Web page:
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There were three of us—Mary, Eliza, and myself. I was approaching fifteen, Mary was about a year younger, and Eliza between twelve and thirteen years of age. Mamma treated us all as children, and was blind to the fact that I was no longer what I had been. Although not tall for my age, nor outwardly presenting a manly appearance, my passions were awakening, and the distinctive feature of my sex, although in repose it looked magnificent... more...

CHAPTER I THE STRANGE MAN'S ARRIVAL The stranger came early in February, one wintry day, through a biting wind and a driving snow, the last snowfall of the year, over the down, walking from Bramblehurst railway station, and carrying a little black portmanteau in his thickly gloved hand. He was wrapped up from head to foot, and the brim of his soft felt hat hid every inch of his face but the shiny tip of his nose; the snow had piled itself... more...

PREFACE. This book is offered to the public, not to be classed with elaborate or learned works, nor expected, like some of its more pretending companions among the offspring of the press, to run the gauntlet of literary criticism. It was prepared to meet the wants of persons—numbered by multitudes in even the most intelligent and refined communities—who from deficiency of education, or from carelessness of manner, are in the habit of... more...

CHAPTER I. THE YOUNG ADVENTURERS, LTD. "TOMMY, old thing!" "Tuppence, old bean!" The two young people greeted each other affectionately, and momentarily blocked the Dover Street Tube exit in doing so. The adjective "old" was misleading. Their united ages would certainly not have totalled forty-five. "Not seen you for simply centuries," continued the young man. "Where are you off to? Come and chew a bun with me. We're getting a bit unpopular... more...

"But why Turkish?" asked Mr. Sherlock Holmes, gazing fixedly at my boots. I was reclining in a cane-backed chair at the moment, and my protruded feet had attracted his ever-active attention. "English," I answered in some surprise. "I got them at Latimer's, in Oxford Street." Holmes smiled with an expression of weary patience. "The bath!" he said; "the bath! Why the relaxing and expensive Turkish rather than the invigorating home-made article?"... more...

THE UNTRAINED MAN UNDER THIRTY-FIVE  "Since we deserved the name of friends,    And thine effect so lives in me,    A part of mine may live in thee,  And move thee on to noble ends." Every woman has had, at some time in her life, an experience with man in the raw. In reality, one cannot set down with any degree of accuracy the age when his rawness attacks him, or the time when he has got... more...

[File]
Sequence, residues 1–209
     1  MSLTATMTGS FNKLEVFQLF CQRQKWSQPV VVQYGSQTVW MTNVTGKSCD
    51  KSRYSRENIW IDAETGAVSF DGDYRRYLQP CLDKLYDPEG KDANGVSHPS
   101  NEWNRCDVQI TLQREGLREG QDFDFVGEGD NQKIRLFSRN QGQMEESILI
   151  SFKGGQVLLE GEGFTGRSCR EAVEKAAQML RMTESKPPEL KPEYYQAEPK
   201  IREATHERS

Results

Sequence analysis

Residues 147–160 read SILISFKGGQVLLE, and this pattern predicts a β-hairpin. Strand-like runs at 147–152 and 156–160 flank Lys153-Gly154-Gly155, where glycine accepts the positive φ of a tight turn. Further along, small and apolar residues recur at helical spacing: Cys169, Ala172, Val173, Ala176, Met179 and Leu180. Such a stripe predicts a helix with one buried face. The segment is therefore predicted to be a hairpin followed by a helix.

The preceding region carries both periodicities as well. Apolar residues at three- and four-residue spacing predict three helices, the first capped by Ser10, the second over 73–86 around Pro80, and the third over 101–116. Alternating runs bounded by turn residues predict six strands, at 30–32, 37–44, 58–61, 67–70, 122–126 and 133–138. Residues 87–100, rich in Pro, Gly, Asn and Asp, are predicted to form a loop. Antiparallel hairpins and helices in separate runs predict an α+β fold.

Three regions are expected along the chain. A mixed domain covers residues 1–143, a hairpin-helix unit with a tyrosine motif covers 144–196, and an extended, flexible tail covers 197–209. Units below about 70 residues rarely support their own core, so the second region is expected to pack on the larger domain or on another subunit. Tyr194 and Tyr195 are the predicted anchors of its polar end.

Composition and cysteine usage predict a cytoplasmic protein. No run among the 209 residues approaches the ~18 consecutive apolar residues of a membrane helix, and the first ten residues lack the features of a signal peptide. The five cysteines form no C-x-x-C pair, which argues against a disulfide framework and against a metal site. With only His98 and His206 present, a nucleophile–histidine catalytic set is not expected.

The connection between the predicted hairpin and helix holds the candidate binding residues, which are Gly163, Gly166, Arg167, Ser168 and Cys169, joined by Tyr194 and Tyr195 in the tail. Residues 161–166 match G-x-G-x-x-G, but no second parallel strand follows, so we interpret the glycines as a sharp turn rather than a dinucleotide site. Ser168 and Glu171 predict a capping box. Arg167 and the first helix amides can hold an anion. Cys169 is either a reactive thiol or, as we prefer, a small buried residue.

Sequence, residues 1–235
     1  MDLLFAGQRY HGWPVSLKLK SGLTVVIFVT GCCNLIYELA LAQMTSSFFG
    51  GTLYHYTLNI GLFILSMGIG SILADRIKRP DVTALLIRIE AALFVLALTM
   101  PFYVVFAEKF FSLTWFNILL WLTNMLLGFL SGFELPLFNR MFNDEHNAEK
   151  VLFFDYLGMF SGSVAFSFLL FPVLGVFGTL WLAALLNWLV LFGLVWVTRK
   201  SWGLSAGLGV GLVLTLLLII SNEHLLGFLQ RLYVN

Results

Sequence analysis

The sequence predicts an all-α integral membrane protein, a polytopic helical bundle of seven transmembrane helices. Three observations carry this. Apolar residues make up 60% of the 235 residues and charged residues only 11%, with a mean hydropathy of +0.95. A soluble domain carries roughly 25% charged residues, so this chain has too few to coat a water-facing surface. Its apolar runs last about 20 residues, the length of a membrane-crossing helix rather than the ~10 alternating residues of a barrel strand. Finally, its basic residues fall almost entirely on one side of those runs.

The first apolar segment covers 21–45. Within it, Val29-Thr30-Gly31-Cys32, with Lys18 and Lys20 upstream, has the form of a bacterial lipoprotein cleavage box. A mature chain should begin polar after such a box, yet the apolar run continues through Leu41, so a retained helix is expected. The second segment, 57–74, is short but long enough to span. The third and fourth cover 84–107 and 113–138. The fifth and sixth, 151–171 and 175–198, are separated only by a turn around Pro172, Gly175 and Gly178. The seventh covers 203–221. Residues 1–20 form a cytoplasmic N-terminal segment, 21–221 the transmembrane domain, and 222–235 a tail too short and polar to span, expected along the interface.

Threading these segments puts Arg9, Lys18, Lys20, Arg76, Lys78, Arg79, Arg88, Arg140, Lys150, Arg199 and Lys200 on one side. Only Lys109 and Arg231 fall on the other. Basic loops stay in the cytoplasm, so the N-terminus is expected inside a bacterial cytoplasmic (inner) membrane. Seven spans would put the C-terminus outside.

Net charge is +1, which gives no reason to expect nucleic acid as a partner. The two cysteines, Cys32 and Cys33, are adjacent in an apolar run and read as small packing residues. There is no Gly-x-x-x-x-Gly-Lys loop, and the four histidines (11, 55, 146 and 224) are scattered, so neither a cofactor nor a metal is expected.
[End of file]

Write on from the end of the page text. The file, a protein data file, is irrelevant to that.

THE BEGINNING Philip Haldane and his sister lived in a little red-roofed house in a little red-roofed town. They had a little garden and a little balcony, and a little stable with a little pony in it—and a little cart for the pony to draw; a little canary hung in a little cage in the little bow-window, and the neat little servant kept everything as bright and clean as a little new pin. Philip had no one but his sister, and she had no one... more...

Chapter One Arrest - Conversation with Mrs. Grubach - Then Miss Bürstner Someone must have been telling lies about Josef K., he knew he had done nothing wrong but, one morning, he was arrested. Every day at eight in the morning he was brought his breakfast by Mrs. Grubach's cook - Mrs. Grubach was his landlady - but today she didn't come. That had never happened before. K. waited a little while, looked from his pillow at the old woman who... more...

CHAPTER I BEAUTIFUL AS THE DAY The house was three miles from the station, but, before the dusty hired hack had rattled along for five minutes, the children began to put their heads out of the carriage window and say, "Aren't we nearly there?" And every time they passed a house, which was not very often, they all said, "Oh, is this it?" But it never was, till they reached the very top of the hill, just past the chalk-quarry and before you come... more...

The Time Traveller (for so it will be convenient to speak of him) was expounding a recondite matter to us. His grey eyes shone and twinkled, and his usually pale face was flushed and animated. The fire burned brightly, and the soft radiance of the incandescent lights in the lilies of silver caught the bubbles that flashed and passed in our glasses. Our chairs, being his patents, embraced and caressed us rather than submitted to be sat upon, and... more...